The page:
Supreme Court Cases
Landmark Supreme Court Cases
The following Supreme Court cases are considered landmark cases and you should be familiar with all of them. Revisit this list often. Ask questions. Make sure you understand the importance of these decisions.
Marbury vs. Madison (1803) - Established the right of Judicial Review. It was the first time the Supreme Court ruled that a law (or portion of the law) was unconstitutional. It set the precedence for judicial review that gives the Supreme Court power to declare laws unconstitutional.
McColloch vs. Maryland (1819) - "The power to tax is the power to destroy". In this decision the court decided that the Federal gov could tax a state bank but a State could not tax a National bank. The rationale is that if states could tax the federal government it would weaken our government system.
Gibbon vs. Ogden (1824) - Established that the Federal government has supreme power at regulating interstate commerce (trading between states)
Dred Scott vs. Sanford (1857) - Dred Scott was a slave who mover with his owner to a Free State. He sued for freedom stating that living in a free state made him free. The court ruled (1) slaves are property not citizens and therefore cannot sue (2) Congress cannot deprive people (the owner) the right to take property wherever they want in the US (3) the Missouri Compromise, which banned the spread of slavery into new territories north of Missouri, was unconstitutional. The South loved this decision. The North hated it.
Plessy vs. Ferguson (1896) - Upheld legal (de jure) segregation. "Separate but equal IS equal).
Schenck vs. United States (1919) - When unlimited freedom of the press or speech could pose a "clear and present danger" to the US it can be restricted. Schenck, during WW1 printed pamphlets urging men to resist the draft. The court ruled this was dangerous and said the government could restrict the freedom of the press/speech. It's the reason we can't yell "Fire" in a crowded theater and claim 'freedom of speech'.
Korematsu vs United States (1944) - the Supreme Court ruled during WW2 to allow the removal of Japanese-Americans (US citizens) to relocation camps away from the coast. These were Americans, who committed no crimes, held without due process. The court said, under the circumstances, that it was OK.
Brown vs. The Board of Education of Topeka Kansas (1954) - Ended legal (de jure) segregation. This decision reversed Plessy vs Ferguson and ruled that "seperate but equal IS NOT equal".
Mapp vs. Ohio (1961) - Police must have a search warrant to search your home.
Engel vs. Vitale (1962) - Prayers in public schools ruled unconstitutional.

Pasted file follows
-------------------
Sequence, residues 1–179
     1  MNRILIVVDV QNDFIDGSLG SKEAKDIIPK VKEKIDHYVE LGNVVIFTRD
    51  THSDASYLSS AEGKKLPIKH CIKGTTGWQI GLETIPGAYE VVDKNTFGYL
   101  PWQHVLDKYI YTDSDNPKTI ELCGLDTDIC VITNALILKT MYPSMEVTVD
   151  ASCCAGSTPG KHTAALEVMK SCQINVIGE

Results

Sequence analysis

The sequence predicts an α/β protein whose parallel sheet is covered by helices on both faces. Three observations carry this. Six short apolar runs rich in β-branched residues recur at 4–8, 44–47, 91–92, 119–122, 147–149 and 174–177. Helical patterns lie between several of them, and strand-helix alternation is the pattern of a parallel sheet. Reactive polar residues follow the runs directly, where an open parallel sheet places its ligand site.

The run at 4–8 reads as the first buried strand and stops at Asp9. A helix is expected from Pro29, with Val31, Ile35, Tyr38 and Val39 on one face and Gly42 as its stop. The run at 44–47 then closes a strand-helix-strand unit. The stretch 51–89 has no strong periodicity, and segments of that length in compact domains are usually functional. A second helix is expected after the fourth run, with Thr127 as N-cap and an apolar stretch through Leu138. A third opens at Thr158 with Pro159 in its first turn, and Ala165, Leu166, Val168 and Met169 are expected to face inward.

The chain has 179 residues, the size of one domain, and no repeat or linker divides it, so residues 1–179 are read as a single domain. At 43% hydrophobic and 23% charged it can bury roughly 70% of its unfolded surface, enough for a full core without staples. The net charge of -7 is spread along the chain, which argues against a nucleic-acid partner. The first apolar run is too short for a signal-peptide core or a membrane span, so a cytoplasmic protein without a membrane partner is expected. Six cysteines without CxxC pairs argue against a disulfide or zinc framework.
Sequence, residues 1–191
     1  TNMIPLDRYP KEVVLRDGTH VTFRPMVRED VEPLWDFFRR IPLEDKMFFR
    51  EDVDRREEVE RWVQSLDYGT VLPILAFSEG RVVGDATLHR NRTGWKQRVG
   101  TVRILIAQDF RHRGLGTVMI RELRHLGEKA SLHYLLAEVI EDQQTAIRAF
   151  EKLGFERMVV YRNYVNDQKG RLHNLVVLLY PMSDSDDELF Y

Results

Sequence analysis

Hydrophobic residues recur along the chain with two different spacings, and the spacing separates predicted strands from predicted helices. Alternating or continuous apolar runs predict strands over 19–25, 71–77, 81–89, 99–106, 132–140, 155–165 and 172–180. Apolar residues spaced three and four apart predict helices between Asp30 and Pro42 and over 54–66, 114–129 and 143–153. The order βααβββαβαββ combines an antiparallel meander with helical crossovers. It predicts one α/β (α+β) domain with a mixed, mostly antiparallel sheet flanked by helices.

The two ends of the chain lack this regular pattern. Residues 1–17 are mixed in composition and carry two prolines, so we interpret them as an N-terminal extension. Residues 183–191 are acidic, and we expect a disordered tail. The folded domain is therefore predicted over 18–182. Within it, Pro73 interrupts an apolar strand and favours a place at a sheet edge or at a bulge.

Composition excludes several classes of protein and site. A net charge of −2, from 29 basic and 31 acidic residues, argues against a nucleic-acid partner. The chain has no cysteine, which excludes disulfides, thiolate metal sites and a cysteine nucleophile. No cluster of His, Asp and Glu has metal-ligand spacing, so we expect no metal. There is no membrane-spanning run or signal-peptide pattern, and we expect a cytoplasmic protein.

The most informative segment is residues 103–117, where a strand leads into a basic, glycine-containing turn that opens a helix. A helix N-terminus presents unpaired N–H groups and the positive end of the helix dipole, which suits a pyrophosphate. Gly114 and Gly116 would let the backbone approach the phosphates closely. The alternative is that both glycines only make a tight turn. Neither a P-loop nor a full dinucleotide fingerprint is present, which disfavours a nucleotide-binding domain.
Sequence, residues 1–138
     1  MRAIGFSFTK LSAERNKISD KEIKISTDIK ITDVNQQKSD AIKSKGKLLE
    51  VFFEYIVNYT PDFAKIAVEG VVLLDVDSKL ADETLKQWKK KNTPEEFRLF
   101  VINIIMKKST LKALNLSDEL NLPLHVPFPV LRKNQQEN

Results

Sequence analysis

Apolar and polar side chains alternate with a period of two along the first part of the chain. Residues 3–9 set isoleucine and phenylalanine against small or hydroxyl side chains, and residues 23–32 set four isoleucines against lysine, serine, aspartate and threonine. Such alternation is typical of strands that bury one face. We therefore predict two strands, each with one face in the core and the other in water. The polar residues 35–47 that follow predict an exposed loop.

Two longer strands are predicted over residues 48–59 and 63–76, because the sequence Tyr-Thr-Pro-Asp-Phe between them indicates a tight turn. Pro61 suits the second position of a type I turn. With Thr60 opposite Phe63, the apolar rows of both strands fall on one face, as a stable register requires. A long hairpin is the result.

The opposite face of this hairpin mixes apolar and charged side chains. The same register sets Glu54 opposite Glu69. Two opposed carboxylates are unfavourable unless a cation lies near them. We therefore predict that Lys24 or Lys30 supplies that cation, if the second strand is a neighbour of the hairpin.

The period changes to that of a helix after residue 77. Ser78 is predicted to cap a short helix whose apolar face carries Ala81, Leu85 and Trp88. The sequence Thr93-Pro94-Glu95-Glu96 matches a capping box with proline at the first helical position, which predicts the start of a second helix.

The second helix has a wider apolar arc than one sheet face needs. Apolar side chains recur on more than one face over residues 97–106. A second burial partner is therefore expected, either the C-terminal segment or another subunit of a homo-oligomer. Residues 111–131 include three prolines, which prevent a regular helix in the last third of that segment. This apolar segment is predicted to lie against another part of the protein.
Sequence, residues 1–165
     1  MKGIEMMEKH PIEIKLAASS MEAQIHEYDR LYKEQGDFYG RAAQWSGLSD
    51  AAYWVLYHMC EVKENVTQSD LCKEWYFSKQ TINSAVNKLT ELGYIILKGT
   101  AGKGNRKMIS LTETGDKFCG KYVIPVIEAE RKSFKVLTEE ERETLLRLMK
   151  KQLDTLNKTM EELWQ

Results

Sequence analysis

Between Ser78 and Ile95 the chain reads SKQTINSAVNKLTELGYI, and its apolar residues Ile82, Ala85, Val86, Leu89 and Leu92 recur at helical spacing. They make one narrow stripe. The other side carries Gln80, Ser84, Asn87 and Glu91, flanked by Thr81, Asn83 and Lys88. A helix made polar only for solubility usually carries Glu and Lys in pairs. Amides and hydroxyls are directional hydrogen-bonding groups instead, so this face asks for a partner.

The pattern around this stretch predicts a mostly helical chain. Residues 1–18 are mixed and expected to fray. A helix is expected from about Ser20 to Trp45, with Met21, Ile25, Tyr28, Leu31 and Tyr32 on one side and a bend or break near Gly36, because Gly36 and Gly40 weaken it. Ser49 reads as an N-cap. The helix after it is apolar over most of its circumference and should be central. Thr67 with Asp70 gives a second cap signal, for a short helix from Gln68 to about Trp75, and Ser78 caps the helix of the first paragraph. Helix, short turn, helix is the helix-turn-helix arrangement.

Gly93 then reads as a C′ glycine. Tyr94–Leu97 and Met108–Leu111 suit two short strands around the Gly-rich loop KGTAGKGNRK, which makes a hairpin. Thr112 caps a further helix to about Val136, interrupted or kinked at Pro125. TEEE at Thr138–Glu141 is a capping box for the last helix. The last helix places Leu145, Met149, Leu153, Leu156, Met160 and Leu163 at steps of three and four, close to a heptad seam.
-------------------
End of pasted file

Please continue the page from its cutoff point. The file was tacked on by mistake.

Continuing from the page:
Gideon vs. Wainwright (1963) - If you can't afford a lawyer one must be provided to you free of charge.
Escobedo vs. illinois (1964) - You have the right to remain silent. Forced confessions cannot be used against you.
Miranda vs. Arizona (1966) - Established Miranda Warnings. Upon arrest suspects must be informed that they have the "right to remain silent" and that anything they say can be used against them, that they have the right to an attorney, and can be provided with an attorney even if they cannot afford it.
Tinker vs. Des Moines School District (1969) - Students were suspended for wearing black arm bands to protest the war in Vietnam. The Supreme Court ruled it was protected "speech". Students cannot be barred from wearing certain items of clothing unless they ban passes the "Tinker test". If the clothing is disruptive to the education process or could potentially lead to unrest/violence then it could be banned. Otherwise students have the freedom to wear what they want.
Roe vs. Wade (1973) - Abortion was illegal. A woman sued for the right to end her pregnancy claiming that preventing her to do so violated her 14th amendment right as well as her right to privacy. She won. After this case abortion is legal in all states.
New Jersey vs. T.L.O. (1985)- The court ruled a student's right to privacy can be limited in schools under certain circumstances. In this case lockers were searched an illegal items were found and turned over to the police. The defendants argued their lockers were searched without a warrant and therefore the items cannot be used against them. The court ruled differently.
U.S. vs. Nixon (1973) - President Nixon might have broken the law and there might have been recordings of the illegal actions. Congress asked for the recording and Nixon refused to turn them over claiming "Executive Privilege". The court ruled that he must hand them over and that Executive Privilege cannot be used to withhold evidence that may be criminal in nature. This is an example of the court intervening in a dispute among the other two branches of government.
University of California vs. Bakke (1978) - Affirmative action programs are legal.